Available on JSTOR at: doi.org/10.2307/3334430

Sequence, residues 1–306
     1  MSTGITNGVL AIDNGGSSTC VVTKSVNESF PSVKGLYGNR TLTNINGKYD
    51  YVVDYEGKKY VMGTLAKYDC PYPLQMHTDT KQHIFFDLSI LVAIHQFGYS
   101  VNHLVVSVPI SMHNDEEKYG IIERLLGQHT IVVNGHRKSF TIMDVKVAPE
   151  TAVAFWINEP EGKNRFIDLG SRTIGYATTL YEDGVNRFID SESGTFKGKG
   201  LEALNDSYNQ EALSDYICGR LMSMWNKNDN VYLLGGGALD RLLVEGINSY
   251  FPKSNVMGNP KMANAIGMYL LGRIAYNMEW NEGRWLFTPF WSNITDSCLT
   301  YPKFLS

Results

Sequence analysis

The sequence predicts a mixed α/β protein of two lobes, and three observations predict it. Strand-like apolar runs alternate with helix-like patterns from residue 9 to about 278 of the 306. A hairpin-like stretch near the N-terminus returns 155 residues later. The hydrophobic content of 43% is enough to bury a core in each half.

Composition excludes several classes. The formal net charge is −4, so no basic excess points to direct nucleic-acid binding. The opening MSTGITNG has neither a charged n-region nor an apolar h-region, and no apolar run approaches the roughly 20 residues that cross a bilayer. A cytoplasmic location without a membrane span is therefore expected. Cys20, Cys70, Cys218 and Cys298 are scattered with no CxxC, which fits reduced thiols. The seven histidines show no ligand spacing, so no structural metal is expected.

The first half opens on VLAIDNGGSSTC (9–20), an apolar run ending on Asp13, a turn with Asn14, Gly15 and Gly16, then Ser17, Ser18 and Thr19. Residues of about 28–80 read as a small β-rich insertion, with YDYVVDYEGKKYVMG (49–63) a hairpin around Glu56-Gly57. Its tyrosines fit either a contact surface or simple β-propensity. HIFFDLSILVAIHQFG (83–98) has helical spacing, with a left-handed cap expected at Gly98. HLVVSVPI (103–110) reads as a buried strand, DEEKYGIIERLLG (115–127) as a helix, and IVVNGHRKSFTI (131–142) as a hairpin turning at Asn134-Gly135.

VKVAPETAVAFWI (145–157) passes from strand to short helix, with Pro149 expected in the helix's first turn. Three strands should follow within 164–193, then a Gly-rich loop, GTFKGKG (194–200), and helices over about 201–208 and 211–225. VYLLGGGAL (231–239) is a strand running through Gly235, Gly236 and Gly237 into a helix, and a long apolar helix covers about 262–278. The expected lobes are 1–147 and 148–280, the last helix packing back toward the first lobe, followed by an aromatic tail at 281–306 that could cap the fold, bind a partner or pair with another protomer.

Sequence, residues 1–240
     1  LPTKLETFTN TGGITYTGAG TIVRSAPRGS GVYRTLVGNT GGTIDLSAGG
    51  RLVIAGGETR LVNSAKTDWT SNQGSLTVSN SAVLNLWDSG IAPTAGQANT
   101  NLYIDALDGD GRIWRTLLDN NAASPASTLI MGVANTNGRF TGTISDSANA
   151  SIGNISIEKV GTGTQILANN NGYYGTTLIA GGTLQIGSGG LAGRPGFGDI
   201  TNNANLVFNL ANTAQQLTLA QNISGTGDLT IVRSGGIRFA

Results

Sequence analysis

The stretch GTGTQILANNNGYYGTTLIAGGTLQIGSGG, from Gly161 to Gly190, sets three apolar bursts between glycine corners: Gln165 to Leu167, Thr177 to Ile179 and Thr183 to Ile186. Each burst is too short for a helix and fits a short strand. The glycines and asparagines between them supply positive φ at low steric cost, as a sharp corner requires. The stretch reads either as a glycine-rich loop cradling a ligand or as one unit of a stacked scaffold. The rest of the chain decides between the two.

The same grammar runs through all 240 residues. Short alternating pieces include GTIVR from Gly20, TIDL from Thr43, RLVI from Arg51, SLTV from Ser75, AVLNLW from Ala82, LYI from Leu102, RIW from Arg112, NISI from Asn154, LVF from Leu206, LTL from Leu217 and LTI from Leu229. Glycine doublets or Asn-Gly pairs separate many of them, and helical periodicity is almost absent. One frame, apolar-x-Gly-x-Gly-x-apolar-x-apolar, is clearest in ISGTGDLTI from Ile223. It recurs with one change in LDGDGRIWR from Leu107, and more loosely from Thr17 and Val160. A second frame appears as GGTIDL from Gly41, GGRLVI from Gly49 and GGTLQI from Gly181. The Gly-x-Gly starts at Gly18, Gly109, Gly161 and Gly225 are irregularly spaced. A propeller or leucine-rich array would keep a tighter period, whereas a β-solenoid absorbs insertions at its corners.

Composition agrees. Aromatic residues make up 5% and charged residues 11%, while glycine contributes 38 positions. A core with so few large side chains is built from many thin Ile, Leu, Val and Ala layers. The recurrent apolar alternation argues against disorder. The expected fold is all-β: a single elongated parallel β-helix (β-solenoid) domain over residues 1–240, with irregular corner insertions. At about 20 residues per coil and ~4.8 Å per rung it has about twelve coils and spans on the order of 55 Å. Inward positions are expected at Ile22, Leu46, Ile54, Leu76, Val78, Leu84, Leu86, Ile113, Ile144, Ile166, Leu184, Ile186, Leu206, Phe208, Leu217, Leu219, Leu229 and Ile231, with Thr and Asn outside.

E. Y. Aduamah, one of the winners in our 1970 literature competition, is Ghanaian. His period on the research staff at the University of Ghana in Legon allowed him to dedicate his time to research in the local customs of his home area, and he has published several studies concerning African culture in such magazines as “West Africa”. His contribution included an almost nouvelle length fictional story based upon a true incident when a devastating flood overwhelmed a village in the Volta basin. The origin lends an element of reportage to the whole tale. The section printed here occurs at the beginning before the outbreak of the storm and the ensuing flood. Here there is an extraordinarily sensitive and affectionate portrait of the schoolmaster Mr. Doh. He is drawn as an appealing and capable man struggling against the odds of his profession, yet always behaving with a shy honesty that makes him an engaging and admirable figure. The quality of this section suggests the strength and sensitivity that Aduamah can bring to his writing and augurs well for a longer novel-length development of such a character.

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